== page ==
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Research Papers

Self-Excited Oscillations of a Finite-Thickness Elastic Layer Sliding Against a Rigid Surface With a Constant Coefficient of Friction

[+] Author and Article Information
Neda Karami Mohammadi

Department of Mechanical and
Industrial Engineering,
Northeastern University,
Boston, MA 02115
e-mail: nkaramim@yahoo.com

George G. Adams

Professor
Department of Mechanical and
Industrial Engineering,
Northeastern University,
Boston, MA 02115
e-mail: adams@coe.neu.edu

Contributed by the Applied Mechanics Division of ASME for publication in the JOURNAL OF APPLIED MECHANICS. Manuscript received October 27, 2017; final manuscript received November 28, 2017; published online December 12, 2017. Assoc. Editor: Kyung-Suk Kim.

J. Appl. Mech 85(2), 021005 (Dec 12, 2017) (7 pages) Paper No: JAM-17-1603; doi: 10.1115/1.4038640 History: Received October 27, 2017; Revised November 28, 2017

This investigation considers the dynamic stability of the steady-state frictional sliding of a finite-thickness elastic layer pressed against a moving rigid and flat surface of infinite extent. The elastic layer is fixed on its bottom surface; on its entire top surface, the rigid surface slides with constant speed and with a constant friction coefficient. The plane-strain equations of motion for a linear isotropic elastic solid are solved analytically for small dynamic disturbances. The analysis shows that even with a constant (speed-independent) friction coefficient, the steady solution is dynamically unstable for any finite friction coefficient. Eigenvalues with positive real parts lead to self-excited vibrations which occur for any sliding speed and which increase with increasing coefficient of friction. This is in contrast to the behavior of an elastic half-space sliding against a rigid surface in which the instability only occurs if the coefficient of friction is greater than unity. This work and its extensions are expected to be relevant in the theoretical aspects of sliding friction as well as in a variety of areas such as earthquake motion and brake dynamics.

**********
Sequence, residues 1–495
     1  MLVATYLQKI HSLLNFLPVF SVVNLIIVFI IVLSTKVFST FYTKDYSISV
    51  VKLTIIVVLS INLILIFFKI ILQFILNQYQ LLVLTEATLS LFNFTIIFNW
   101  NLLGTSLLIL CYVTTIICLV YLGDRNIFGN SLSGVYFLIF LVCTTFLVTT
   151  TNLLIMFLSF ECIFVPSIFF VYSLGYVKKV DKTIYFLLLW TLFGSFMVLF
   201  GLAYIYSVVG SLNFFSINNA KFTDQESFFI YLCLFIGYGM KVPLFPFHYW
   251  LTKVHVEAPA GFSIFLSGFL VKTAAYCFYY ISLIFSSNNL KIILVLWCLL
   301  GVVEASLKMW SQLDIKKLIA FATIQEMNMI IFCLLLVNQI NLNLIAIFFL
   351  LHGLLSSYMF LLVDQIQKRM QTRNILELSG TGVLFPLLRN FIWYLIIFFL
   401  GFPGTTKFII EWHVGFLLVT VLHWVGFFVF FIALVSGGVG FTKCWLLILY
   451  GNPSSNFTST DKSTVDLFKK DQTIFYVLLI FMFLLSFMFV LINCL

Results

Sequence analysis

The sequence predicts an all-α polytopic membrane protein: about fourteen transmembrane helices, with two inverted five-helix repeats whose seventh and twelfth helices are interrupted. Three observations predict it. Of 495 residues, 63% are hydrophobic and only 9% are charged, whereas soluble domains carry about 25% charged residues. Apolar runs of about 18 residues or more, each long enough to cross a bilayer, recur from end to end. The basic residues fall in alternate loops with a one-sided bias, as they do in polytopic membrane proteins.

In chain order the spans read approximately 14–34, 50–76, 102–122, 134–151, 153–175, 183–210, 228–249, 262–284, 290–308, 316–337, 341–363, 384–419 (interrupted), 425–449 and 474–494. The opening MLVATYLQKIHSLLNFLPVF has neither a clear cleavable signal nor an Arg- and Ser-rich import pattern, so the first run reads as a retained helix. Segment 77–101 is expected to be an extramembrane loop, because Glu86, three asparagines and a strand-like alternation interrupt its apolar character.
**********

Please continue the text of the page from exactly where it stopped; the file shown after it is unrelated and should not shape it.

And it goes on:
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References

Schallamach, A. , 1971, “ How Does Rubber Slide?,” Wear, 17(4), pp. 301–312. [CrossRef]
Adams, G. G. , 1995, “ Self-Excited Oscillation of Two Elastic Half-Spaces Sliding With a Constant Coefficient of Friction,” ASME J. Appl. Mech., 62(4), pp. 867–872. [CrossRef]
Martins, J. A. C. , Guimarães, J. , and Faria, L. O. , 1995, “ Dynamic Surface Solutions in Linear Elasticity and Viscoelasticity With Frictional Boundary Conditions,” ASME J. Vib. Acoust., 117(4), pp. 445–451. [CrossRef]